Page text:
So the 'averaged sized' day arrived and despite the preceding days being warm and sunny, my now 35 year old eyelids flickered open to find Amsterdam grey and drippy and looking as unlike July as you could imagine. It felt as though the dampness had also found a way into my spirit and it was with heavy limbs and downturned mouth I that flung myself out of bed. HD on the other hand, having worked a double shift at the deli the day before, stayed buried in the duvet, barely opening his eyes and managing only a mumbled 'happy birthday' which trailed off into a snore.
Okay, no present - fine. Mumbly snorey birthday greeting - not as fine but still forgivable. I clumped down the stairs feeling distinctly middle aged but cheering myself with the thought that I would probably find a birthday card with one of HD's exceptionally loving messages inside, propped up on the table.
No card, no note with cheerful birthday themed sketches scribbled in the corners. Not even cup of tea looked likely. I said goodbye to an unconscious HD, walked out the door and promptly burst into tears. And the tears continued all the way to my Dutch class. Luckily with the rain it wasn't all that noticeable and I probably just looked like I was in pain, sort like the face I made when I rode my new bike for the first time and the saddle was tilted too far back.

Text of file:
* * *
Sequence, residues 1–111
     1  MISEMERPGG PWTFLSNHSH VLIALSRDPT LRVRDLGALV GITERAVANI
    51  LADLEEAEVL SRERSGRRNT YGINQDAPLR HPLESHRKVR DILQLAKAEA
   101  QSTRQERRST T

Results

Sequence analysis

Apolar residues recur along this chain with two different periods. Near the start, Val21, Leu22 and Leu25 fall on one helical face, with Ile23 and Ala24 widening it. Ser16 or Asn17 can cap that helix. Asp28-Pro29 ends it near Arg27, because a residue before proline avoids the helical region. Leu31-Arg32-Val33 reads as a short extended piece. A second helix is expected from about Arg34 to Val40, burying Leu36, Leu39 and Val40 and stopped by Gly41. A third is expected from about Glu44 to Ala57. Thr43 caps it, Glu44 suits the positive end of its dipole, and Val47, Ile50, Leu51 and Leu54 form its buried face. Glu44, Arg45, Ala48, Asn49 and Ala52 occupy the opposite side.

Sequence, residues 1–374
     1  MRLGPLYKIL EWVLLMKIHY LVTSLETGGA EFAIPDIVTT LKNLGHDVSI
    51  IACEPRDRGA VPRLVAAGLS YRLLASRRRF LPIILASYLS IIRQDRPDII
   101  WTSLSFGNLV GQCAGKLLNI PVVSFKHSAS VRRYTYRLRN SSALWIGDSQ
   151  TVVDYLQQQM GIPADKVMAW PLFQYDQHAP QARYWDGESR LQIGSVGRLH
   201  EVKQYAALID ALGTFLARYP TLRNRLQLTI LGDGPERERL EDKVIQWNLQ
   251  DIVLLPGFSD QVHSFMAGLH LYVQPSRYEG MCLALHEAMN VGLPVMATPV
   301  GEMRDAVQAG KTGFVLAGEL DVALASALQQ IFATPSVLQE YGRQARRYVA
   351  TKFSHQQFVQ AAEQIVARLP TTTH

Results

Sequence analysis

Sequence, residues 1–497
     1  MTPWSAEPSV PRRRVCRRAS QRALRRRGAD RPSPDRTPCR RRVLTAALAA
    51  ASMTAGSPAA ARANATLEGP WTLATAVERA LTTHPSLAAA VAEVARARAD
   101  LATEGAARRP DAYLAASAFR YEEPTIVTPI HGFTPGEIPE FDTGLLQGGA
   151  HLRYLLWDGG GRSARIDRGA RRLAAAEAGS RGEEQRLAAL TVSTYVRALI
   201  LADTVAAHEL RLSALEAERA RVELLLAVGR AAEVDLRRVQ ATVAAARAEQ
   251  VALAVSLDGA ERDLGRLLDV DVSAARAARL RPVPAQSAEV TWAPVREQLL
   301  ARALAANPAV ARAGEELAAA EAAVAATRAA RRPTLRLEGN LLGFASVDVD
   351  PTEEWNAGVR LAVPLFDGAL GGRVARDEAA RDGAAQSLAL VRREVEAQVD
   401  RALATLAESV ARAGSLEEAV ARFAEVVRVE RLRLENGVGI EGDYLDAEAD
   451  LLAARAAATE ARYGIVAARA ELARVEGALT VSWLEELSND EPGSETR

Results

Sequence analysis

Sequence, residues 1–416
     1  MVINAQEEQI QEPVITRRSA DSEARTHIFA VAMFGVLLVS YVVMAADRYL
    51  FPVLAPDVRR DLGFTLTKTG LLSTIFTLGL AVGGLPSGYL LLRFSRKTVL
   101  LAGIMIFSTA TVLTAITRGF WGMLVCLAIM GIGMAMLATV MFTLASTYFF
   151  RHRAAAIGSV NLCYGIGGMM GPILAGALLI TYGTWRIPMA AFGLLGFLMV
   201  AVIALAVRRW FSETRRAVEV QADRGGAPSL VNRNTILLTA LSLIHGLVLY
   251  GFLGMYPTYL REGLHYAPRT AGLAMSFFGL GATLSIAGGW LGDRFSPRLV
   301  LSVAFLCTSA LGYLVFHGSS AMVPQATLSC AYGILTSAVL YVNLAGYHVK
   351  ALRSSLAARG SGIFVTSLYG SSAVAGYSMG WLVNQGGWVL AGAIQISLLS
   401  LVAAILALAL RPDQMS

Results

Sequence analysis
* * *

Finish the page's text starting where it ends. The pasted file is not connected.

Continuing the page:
I just had time before my Dutch class to stop and buy birthday cake. (In the Netherlands you buy your own birthday cake, which everyone else eats. Maybe also good to know that it is also you who picks up the tab at the bar should you be daft enough to suggest everyone goes out to celebrate your special day. I know, it's not right, and from now on I'm never going to reveal the date of my birthday to anyone.)
I greeted my Dutch teacher cheerfully and handed her a mini version of my cake, explaining "ik ben jarig", which means literally "I am year-ish". We talked about what I had been given (niks), what I was doing later (ik weet het niet) before I couldn't help but blurt out the awful fact that my boyfriend obviously didn't love me anymore because he didn't even get me a card. She looked at me like I had just started to speak Russian instead of Dutch (okay,okay, by this point I had run out of birthday-related Dutch and was complaining in English).
"A card? Why would he give you a card? You live in the same house!"
So apparently the Dutch, as a rule, don't give birthday cards, they only send them to people they aren't going to see on the day. Of COURSE! That makes sense, that's practical, that's Dutch. It also makes the whole affair even cheaper, but I won't resort to stereotyping. To someone who has a desk draw literally stuffed with cards just in case I get the urge to express a feeling of love, gratitude or general good will towards someone in my address book, this approach seems a little cold. But then I guess my approach could also be viewed as extreme, but coming from the opposite side.
So, the main thing to bear in mind should be 'year-ish' while living in the Netherlands is that you shouldn't really expect anything, except what you pay for yourself.
Note: this post was updated slightly after my lovely Dutch friend pointed out that she gives cards, including to people living in the same house, and that my story made my adopted countrymen sound a bit mean.